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Ex-Housing Minister calls for higher Stamp Duty threshold

Thursday 18 April 2019

Dominic Raab MP, announced a suite of recommendations to shake up the housing market, including changes to stamp duty in England and Northern Ireland.

Former Housing Minister, Dominic Raab has called for changes to scrap Stamp Duty Land Tax (SDLT) on property purchases in England and Northern Ireland worth less than £500,000.

If implemented, the changes would not impact Scotland and Wales, who in recent years have been granted devolved powers to set and collect their own levels of equivalent taxation on property purchases.


In recent years there has been significant change to who pays SDLT, and to what amount. In 2016, a one per cent surcharge was introduced for the purchase of second properties, affecting private landlords and second-home owners. A year later, SDLT was scrapped for first-time buyers on a purchase of up to £300,000, with a reduced rate of tax for homes costing up to £500,000. This introduction was furthered in last year’s Autumn Budget where all first-time buyers of Shared Ownership properties also became eligible for the SDLT relief. This was applied retrospectively.

Back in 2013, former Deputy Prime Minister Nick Clegg revealed his clash of opinion when similar proposals were announced, as he said that the wealthiest home owners should "pay a bit extra". According to the Conservative MP’s that were backing this change, the cut in Stamp Duty would have resulted in £2.4 billion less tax being paid to the Exchequer each year.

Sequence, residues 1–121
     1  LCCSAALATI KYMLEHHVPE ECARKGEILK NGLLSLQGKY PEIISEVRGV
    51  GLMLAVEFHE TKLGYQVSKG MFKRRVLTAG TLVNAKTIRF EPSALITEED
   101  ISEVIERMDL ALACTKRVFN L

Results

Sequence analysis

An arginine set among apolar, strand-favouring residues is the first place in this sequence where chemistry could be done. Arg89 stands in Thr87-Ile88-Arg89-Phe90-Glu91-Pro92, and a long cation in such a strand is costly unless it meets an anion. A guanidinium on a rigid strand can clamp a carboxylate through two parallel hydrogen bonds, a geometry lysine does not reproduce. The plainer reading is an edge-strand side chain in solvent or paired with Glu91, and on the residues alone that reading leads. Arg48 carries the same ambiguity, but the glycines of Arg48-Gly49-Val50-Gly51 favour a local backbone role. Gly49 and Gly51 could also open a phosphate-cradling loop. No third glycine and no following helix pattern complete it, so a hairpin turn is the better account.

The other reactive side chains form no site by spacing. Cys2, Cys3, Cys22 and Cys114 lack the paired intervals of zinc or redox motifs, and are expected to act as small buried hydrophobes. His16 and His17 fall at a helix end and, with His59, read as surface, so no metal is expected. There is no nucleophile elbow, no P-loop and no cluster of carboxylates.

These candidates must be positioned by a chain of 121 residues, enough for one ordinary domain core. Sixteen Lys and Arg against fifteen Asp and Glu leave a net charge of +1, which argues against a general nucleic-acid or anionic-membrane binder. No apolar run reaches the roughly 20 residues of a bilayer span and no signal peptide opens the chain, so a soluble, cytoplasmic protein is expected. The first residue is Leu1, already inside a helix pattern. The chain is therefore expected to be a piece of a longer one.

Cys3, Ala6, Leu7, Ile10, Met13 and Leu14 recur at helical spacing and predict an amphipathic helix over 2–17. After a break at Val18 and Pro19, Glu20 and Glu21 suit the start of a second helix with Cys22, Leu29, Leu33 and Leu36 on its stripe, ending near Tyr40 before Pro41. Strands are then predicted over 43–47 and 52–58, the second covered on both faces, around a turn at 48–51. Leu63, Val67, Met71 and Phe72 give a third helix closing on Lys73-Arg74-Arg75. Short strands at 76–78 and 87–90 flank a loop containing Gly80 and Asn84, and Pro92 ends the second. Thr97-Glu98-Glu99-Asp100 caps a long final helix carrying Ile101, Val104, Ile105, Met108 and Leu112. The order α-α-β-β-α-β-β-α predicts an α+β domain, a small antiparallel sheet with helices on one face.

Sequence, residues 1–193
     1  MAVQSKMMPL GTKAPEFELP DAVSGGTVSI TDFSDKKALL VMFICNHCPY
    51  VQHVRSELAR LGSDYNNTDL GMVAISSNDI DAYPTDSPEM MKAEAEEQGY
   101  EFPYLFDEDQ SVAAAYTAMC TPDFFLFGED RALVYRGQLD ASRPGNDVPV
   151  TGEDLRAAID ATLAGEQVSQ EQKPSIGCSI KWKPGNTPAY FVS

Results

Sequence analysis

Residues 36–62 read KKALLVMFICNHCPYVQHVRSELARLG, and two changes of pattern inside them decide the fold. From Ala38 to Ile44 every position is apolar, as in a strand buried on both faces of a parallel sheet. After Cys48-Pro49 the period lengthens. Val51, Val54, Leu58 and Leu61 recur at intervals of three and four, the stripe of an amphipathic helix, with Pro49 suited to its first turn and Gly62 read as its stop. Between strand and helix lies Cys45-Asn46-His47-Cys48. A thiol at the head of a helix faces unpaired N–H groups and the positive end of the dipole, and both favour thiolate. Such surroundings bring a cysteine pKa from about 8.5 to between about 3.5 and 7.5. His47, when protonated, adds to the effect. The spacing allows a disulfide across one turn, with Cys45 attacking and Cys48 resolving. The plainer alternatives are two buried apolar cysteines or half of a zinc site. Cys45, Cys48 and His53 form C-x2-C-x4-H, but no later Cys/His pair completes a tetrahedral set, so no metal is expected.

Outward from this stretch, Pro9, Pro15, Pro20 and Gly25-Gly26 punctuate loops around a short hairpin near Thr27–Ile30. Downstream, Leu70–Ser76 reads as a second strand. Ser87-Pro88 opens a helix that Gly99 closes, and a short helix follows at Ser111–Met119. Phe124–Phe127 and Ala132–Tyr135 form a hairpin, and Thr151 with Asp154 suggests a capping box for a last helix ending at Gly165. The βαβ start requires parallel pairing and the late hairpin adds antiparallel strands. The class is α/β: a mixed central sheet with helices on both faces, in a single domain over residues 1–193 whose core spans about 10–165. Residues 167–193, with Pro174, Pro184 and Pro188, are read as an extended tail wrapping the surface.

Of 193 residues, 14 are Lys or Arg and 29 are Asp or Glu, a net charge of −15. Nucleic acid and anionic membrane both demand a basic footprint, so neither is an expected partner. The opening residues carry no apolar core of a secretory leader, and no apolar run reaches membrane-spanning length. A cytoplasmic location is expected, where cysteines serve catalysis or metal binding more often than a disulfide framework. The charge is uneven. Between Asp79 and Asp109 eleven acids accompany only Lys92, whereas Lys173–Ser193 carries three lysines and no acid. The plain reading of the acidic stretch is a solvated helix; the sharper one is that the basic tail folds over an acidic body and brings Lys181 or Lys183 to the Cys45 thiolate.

Further Recommendations

Raab calls for sanctions to be imposed on developers who fail to build houses at the rates they promise, when they purchase a plot and secure planning permission. In an interview with the Daily Telegraph he also identified further solutions to fix the broken housing market:

  • More government land to be released, with councils given more power to sell sites to smaller developers 
  • Design by tender after outline planning permissions are received
  • Fewer impositions on councils who fail to get enough homes built
  • Capital Gains Tax (CGT) for landlords to be scrapped on up to £35,000 where they have sold the property on to a sitting tenant.
  • Digitise land registry records and support more modular housing

Raab could be in the running as the next Conservative Party Leader, should current Prime Minister Theresa May resign as per her Brexit promise.

What Propertymark is doing

NAEA Propertymark actively campaigned for first-time buyer relief from paying Stamp Duty. In England’s first year of exemption, we reported that it had benefitted 69,000 first-time buyers. We had similar results in Scotland, where the zero-rated Land and Buildings Transaction tax threshold for first-time buyers was raised to £175,000 in July 2018.

We also commented on digitising Land Registry in our Geospatial Commission consultation response in which it was agreed that it would be valuable for estate agents to be trained in the use of Geographic Information System (GIS) mapping software and for a digital property log book to be introduced for all homes bought and sold.

Propertymark resources

For more on stamp duty and land tax, read Propertymark’s comprehensive guide for home buyers here.